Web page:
The majority of people employed during this time were young men. The Civilian Conservation Corps (CCC) hired nearly three million young men between the ages seventeen and twenty-three to dig ditches, plant trees, fight fires, and build reservoirs, creating the foundation for the nation’s national and state parks. The men lived communally in camps designed after army barracks and were fed three meals a day.
For their labor, they were paid $1 per day, two-thirds of which was automatically sent back to their homes. In addition to the hard labor, the men participated in sports and hobby clubs, as well as classes to help them prepare to get jobs once they left the CCC.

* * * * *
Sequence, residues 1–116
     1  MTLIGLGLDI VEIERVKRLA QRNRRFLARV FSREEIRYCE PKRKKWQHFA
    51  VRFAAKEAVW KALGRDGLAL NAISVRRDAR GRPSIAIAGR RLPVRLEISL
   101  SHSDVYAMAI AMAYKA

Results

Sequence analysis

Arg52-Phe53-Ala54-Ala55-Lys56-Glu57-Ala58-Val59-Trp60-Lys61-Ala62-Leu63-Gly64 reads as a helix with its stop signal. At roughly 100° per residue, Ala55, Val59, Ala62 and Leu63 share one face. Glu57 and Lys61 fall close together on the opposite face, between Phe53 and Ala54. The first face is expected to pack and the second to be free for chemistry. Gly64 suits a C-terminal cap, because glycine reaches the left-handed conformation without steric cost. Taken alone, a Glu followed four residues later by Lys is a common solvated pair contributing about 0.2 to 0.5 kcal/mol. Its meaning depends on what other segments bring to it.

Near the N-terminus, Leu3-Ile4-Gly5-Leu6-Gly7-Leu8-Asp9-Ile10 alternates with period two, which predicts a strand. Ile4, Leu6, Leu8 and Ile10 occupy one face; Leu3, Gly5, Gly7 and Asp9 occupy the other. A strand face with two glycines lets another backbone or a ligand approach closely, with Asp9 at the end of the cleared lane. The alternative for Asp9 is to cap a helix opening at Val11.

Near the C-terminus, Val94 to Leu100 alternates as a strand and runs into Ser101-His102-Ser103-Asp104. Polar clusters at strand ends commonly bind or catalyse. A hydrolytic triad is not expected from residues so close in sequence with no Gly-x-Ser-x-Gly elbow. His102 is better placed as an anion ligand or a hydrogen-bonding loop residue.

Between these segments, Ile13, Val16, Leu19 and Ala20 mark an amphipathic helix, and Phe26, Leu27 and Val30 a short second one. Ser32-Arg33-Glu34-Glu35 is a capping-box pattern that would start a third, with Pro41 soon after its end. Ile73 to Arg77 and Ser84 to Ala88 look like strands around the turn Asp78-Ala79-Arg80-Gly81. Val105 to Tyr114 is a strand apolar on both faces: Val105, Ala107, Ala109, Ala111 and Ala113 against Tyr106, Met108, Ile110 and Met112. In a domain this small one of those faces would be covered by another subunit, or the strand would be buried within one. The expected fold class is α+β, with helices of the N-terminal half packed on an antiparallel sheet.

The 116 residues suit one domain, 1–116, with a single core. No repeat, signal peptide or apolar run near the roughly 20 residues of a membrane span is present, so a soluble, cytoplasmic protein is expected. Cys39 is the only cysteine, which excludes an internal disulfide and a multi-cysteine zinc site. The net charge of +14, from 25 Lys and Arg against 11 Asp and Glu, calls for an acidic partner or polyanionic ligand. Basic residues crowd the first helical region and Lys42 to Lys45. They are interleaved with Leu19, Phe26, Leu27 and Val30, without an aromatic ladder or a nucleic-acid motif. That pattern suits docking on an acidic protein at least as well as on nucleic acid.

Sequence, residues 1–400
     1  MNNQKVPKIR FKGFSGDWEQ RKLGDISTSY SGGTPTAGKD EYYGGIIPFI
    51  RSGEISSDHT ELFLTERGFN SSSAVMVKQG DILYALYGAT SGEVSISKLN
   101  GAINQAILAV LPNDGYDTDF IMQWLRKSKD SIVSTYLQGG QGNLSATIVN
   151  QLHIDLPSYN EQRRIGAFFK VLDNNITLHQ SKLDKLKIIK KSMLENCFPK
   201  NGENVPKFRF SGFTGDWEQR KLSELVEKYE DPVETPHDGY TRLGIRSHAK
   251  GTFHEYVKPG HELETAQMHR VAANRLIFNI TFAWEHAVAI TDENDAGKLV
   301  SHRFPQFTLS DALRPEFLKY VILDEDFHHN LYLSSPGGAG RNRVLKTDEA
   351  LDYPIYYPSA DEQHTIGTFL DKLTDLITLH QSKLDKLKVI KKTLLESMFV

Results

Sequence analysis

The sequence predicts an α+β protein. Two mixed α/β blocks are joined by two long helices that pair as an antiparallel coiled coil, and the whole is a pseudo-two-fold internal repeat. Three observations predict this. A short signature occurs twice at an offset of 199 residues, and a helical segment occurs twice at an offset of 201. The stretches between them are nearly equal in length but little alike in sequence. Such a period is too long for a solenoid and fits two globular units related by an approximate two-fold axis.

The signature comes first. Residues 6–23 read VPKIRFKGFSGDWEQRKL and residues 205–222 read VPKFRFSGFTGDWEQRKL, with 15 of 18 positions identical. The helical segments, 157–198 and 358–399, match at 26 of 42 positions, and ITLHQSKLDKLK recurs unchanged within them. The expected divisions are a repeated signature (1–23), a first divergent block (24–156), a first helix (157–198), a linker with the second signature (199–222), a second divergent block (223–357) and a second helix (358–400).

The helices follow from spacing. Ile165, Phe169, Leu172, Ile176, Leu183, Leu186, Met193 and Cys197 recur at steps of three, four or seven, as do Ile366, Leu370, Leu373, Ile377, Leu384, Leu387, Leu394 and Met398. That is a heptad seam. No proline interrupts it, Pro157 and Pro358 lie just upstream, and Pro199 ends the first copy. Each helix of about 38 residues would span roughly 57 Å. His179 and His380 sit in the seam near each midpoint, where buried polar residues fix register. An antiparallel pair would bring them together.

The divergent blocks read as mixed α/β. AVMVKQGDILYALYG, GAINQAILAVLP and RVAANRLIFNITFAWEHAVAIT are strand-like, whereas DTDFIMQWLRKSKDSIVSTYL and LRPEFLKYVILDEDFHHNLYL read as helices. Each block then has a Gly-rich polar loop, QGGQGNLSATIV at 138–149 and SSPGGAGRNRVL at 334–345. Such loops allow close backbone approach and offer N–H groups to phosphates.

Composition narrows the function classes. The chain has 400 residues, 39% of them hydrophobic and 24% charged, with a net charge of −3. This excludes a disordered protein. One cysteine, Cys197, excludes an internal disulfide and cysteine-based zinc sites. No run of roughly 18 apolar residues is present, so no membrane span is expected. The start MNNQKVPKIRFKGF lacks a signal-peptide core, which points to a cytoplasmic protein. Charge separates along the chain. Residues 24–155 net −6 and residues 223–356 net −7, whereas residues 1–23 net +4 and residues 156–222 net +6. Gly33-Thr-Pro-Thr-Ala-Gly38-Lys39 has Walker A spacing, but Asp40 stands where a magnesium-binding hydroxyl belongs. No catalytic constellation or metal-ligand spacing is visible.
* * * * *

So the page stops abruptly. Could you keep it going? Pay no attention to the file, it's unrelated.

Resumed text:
About 250,000 African American men were employed by the CCC, with membership limits restricted to ten percent of the total workforce. They worked in segregated companies, but performed the same duties as their white counterparts, often under greater scrutiny and dealing with harsh racial bias by their supervisors.
“The National Parks -- Episode 5: Great Nature” Public Broadcasting Service. http://www.pbs.org/nationalparks/history/ep5/3/